Today is the actress Tuesday Weld’s 70th birthday. With a name like that, she’s likely taken up residence somewhere in your consciousness, but Weld hasn’t been a celebrity for quite some time now, so you might not know just quite why you’ve heard of her. She is probably best described as a proto-Lohan. Like Lindsay, she started out her career as a child star of Hollywood and occasionally Broadway. She then cemented her celebrity (and changed her name from Susan) with a popular sitcom called The Many Loves of Dobie Gillis, where she played the most avaricious of Dobie’s many love interests, talking endlessly about the kind of money her ideal lover you had to have.
From the start, Weld was red meat for the press. By the time she’d been cast in Dobie Gillis she was already taking up whole Hedda Hopper column with her Tuesdays. She had a pretty, coquettish manner even at fifteen, and a habit of saying things like, “The man I marry will have to be richer than I am,” just like her character. Her mother, who doubled as her chaperone and business manager, came along with her to interviews. Their filial bickering made for excellent copy: “Is Tuesday allowed out late at night, say until eleven o’clock, I asked Mr. Weld. ‘Ha, ha,’ roared Mrs. Weld. ‘That’s when she starts out.'”
Her sexuality, however, was what really kept people interested in Weld, and they’d shamelessly comment on it to the press. “From the rear,” said a cameraman quoted in a Washington Post and Times Herald profile, “she looks like Jane Mansfield’s kid sister.” At the time he said this she was, just so we’re clear, 15 years old. All those rumors you hear about the golden days of child stardom when people felt less okay about leering fall apart in Tuesday Weld coverage. She had a habit of dating older men, too, and the optics of a daddy complex are eternally popular with the celebrity press.
Weld treated the hullabaloo with disdain, offering up droll, piercing quips: “I also like to play ball, but no one thinks I should.” Which is not to say she wasn’t prone to the malapropisms of any ordinary starlets. “I have very ambulatory thoughts as to what I am and why,” she said. “I don’t really care. I just am.” She began to give interviews complaining that she’d been supporting her mother and siblings since she was three. And she hinted that she’d had breakdowns and addiction problems from early childhood, dropping details salacious enough to keep everyone’s interest.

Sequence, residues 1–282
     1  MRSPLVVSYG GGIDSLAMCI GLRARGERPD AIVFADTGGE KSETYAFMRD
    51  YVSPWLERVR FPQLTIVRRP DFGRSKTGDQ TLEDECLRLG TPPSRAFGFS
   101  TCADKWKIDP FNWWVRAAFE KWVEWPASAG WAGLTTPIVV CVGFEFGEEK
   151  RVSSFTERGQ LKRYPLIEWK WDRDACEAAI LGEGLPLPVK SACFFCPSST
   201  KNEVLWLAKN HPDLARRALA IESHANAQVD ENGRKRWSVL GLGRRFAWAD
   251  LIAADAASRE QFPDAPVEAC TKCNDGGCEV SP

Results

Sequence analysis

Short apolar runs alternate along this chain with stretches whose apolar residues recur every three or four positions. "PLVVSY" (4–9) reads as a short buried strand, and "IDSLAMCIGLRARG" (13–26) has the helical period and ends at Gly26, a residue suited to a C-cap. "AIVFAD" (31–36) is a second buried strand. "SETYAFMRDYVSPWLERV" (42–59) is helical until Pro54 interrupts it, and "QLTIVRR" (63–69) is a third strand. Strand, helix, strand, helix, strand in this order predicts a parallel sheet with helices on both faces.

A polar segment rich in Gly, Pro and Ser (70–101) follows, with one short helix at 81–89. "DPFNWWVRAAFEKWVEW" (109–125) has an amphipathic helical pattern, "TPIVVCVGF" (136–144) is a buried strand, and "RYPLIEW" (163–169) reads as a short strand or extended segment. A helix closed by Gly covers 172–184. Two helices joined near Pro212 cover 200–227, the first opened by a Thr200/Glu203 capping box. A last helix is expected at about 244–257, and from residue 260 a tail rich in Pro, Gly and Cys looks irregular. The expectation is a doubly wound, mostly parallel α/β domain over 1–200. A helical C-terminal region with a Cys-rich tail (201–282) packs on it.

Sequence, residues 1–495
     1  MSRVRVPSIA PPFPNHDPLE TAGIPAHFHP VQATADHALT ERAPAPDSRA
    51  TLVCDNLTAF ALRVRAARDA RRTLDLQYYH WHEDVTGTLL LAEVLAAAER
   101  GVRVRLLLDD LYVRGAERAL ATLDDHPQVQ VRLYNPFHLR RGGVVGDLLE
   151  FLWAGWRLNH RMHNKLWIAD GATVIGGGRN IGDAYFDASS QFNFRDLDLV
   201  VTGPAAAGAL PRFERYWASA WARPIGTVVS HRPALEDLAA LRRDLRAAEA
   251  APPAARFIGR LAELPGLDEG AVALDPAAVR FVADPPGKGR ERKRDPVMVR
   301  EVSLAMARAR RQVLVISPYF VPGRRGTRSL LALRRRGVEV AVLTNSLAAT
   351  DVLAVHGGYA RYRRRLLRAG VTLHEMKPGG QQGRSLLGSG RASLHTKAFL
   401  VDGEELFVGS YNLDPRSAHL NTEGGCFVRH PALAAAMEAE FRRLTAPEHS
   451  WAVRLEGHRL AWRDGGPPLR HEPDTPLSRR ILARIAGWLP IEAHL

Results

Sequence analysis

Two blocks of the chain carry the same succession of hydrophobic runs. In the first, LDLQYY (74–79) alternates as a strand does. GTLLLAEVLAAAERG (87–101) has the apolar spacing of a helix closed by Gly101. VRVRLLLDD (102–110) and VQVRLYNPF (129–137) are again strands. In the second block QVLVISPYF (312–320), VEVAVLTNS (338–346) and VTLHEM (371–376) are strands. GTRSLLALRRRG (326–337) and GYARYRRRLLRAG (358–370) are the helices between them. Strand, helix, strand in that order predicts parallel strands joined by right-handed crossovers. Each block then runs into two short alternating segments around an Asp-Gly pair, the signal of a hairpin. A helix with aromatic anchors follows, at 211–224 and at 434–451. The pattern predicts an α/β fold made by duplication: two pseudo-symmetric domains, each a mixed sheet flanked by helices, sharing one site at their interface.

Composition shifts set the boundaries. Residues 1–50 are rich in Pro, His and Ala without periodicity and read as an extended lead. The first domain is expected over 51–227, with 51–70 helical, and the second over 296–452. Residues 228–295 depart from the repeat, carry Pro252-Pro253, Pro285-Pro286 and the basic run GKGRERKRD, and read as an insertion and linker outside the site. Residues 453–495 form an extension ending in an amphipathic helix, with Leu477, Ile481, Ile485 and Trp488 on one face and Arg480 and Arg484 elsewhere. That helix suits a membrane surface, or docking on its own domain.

As far as her actual work was concerned, Dobie Gillis didn’t give Weld much space to flex her acting muscles, but such was the feverish nature of her stardom that she was swiftly offered roles in movies like Lolita, True Grit, and Bonnie and Clyde. But she turned them all down. And instead she appeared in B-movie classics like Pretty Poison — another experience Weld openly complained about. (“Constant hate, turmoil, and dissonance,” she scoffed to a reporter later.) So gradually Weld garnered a reputation for thumbing her nose at the whole business of stardom — which, naturally, in the manner of these things, only served to whet press appetites.
Her signature move, on that score, was to play a character kind of based on herself in Henry Jaglom’s 1971 A Safe Place. The movie doesn’t really have a plot as such, and its weirdness is perhaps best experienced directly:
Suffice to say that the crowds and critics hated it. When the film premiered at the New York Film Festival, an audience member was moved to yell, “Shut up, Tuesday; you’re pretty, but you’re stupid!” She retaliated by throwing a shoe.
This wild persona benefitted her, though. By 1972 she was in the running for an Academy Award after playing the lead role in the adaptation of Joan Didion’s Play It As It Lays. She would only finally be nominated for one after playing Diane Keaton’s dissolute sister in the 1978 cautionary tale Looking for Mr. Goodbar. Her roles began to grow ever more intermittent; before Goodbar she’d been off screens for five years, even though directors never stopped calling. There was something about her charisma that made them look past the dysfunction. And Weld, for whatever reason, enjoyed being the chased rather than the one running after, telling a reporter in 1978:
I love that ‘Tuesday Weld cult’ thing. Fun. And it has endurance. You don’t have to do anything to be it. You don’t have to work. In fact, it’s better you don’t, knowwhatimean? Of course, now that I am working — now that I have roots, and can — I’ll probably blow the cult number completely.
Well, it didn’t quite turn out the way she hoped. At this point she’s giving interviews to the Enquirer, and a younger generation thinks Lindsay Lohan invented the trainwreck as public relations strategy when Weld was among its pioneers. Lohan, in fact, threatens to eclipse Weld’s reputation entirely — the young writers at BuzzFeed refer to Weld as forgotten. I, for one, hope that eventually Weld will show she still has a few tricks up her sleeve.